I confess. I’m a wine geek. A grape nerd. Or, as a friend called me today; a cork dork (I disagree on that one because of the closures-debate still going strong, but I digress). Basically; I like my wines obscure. Like to try as many different kinds as possible. And pride myself on knowing quite a few grape varieties.
Yet last saturday, while browsing the Sligro wine-aisles, I found something I’d never come across before: Fiano. The 2009 Surani pietrariccia fiano to be precise. As it was from Salento (in Puglia, way way south in Italy) I had to take a bottle. I’m really intrigued by that area, thanks to Silvestro Silvestori’s incredible blog. Also; it was very affordable, which helps.
Fiano, I learned from the venerable Mrs Robinson, is a “strongly flavoured classical vine responsible for campania’s Fiano di Avellino DOCG in southern Italy”. Campania being the region around Napoli, right on the western coast of Italy, with Puglia in the ‘heel’, on the eastern side. Fiano is also planted in McLaren vale, Southern Australia, and that’s about it.
On to the wine itself. The first impressions reminded me of picpoul-de-pinet (of Languedoc fame). Both are whites from (very) warm regions, made from ‘native’ grapes. The advantage of using these natives becomes very clear in both of these types; they can handle the heat. This leads to well-balanced wines that don’t get overpowered by alcohol. What also reminded me of picpoul in this wine is the nose: Fresh lemon and white fruit tones, complemented by salty liquorice. On the palate it opens well balanced, immediately followed by bracing acidity. This complements the medium-full body very well, leading to a lively and balanced finish. On the long finish, I find some honey and celery-salt. All in all a very refreshing and (here it is again) balanced wine. It clocks in at 13,5% alcohol, but you have to look at the label to believe that.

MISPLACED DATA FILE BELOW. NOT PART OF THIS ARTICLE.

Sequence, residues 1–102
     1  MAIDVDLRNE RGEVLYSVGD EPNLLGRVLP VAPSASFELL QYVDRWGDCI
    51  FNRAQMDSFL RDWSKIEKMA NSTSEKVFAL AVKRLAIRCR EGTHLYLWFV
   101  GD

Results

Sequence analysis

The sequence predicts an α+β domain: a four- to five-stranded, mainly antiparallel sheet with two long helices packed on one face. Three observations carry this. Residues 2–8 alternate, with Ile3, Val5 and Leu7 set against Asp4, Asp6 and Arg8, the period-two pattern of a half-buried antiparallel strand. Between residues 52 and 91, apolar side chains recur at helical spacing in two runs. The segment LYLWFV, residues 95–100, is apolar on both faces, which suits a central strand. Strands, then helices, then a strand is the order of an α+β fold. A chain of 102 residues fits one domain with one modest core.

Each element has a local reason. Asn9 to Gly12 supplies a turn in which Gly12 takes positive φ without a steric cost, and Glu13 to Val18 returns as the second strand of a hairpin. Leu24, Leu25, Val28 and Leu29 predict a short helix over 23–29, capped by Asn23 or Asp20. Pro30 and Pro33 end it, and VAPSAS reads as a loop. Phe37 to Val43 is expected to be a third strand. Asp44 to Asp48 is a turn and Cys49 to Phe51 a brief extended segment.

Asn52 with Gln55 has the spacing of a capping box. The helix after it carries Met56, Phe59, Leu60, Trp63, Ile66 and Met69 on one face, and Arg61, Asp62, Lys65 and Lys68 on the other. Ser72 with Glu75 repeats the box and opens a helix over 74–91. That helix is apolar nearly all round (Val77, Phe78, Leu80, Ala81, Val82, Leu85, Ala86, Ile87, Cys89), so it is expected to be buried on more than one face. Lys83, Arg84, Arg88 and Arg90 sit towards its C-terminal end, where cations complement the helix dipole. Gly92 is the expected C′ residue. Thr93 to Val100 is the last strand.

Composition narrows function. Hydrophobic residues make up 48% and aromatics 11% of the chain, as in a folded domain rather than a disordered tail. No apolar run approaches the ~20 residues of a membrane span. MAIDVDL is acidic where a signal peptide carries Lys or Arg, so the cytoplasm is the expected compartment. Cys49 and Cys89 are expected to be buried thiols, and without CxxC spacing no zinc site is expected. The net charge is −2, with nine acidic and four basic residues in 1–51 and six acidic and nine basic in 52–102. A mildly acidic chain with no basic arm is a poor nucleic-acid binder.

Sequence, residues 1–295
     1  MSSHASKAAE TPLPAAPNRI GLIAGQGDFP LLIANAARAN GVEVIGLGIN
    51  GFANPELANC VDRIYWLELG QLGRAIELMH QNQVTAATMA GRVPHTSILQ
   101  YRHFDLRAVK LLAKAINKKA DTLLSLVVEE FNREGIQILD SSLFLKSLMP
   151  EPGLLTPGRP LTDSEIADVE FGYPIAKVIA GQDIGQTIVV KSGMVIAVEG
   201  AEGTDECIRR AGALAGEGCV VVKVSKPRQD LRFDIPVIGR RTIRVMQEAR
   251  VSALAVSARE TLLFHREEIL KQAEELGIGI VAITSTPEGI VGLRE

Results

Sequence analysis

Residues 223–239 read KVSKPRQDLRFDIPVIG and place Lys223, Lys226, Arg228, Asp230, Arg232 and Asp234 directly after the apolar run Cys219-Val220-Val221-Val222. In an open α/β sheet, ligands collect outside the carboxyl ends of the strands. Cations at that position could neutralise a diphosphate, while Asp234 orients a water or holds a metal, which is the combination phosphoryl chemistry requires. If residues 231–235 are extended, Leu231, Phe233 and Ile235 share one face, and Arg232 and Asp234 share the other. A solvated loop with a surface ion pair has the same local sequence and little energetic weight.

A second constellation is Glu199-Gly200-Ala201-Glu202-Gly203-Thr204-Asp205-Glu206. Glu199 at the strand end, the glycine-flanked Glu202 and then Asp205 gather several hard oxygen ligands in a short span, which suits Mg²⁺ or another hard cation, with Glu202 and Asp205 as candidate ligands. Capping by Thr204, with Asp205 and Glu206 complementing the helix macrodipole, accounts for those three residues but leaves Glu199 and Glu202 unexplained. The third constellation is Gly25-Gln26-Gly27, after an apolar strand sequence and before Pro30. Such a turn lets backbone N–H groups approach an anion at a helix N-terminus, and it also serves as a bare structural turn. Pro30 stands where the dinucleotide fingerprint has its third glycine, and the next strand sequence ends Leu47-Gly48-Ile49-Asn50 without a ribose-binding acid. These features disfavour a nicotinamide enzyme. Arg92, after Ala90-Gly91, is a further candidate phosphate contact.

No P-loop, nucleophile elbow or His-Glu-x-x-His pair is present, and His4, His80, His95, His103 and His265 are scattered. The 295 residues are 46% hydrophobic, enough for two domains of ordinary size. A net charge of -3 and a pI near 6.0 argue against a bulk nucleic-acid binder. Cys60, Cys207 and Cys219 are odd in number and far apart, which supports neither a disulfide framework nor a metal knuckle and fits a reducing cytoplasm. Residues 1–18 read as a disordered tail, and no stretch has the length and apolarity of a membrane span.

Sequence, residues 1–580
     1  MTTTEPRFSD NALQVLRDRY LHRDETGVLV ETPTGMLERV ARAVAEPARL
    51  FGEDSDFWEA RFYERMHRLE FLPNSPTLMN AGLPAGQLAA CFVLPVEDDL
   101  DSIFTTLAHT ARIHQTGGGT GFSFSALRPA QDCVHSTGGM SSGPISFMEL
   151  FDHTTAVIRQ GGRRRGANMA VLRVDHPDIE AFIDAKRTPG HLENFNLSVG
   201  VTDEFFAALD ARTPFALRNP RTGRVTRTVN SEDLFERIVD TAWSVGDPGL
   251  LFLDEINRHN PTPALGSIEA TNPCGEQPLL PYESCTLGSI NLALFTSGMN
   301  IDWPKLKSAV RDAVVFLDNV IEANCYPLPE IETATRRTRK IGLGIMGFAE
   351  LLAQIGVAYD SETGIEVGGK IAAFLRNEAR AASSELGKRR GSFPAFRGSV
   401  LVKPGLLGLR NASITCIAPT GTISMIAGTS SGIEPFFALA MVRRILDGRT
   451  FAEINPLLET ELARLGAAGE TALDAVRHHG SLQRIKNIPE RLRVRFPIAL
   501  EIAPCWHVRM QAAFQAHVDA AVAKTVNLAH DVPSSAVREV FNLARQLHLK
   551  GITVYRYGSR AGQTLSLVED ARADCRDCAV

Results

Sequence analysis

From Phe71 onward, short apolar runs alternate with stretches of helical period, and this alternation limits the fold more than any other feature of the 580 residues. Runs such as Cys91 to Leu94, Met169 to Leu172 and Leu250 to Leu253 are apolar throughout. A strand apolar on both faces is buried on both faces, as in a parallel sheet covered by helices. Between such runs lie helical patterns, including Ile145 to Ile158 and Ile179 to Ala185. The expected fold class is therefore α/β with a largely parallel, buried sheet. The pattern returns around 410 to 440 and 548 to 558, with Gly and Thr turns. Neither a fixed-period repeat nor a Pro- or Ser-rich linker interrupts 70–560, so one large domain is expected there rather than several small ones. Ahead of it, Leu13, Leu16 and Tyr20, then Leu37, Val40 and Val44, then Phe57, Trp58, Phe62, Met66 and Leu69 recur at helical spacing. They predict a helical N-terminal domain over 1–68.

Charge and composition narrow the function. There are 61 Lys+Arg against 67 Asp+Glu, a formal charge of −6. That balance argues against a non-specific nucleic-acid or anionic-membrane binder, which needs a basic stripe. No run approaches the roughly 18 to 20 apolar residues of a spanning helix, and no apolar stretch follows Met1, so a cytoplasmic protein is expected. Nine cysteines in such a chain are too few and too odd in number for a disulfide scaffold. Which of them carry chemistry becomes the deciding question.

Masseria Surani is owned by Pasqua, one of the largest privately owned wineries in Italy, which may explain the low price, and the distribution. But this doesn’t make this an industrial wine per sé. Ok; it doesn’t bring loads of individual character, but this isn’t a wine that needs that. If it’s this good on an ordinary monday evening in Dutch early spring, I can only imagine how good it will be with seafood pasta in the full Puglian summer. Heaven in a glass. And even for a wine geek, that’s a pretty good result.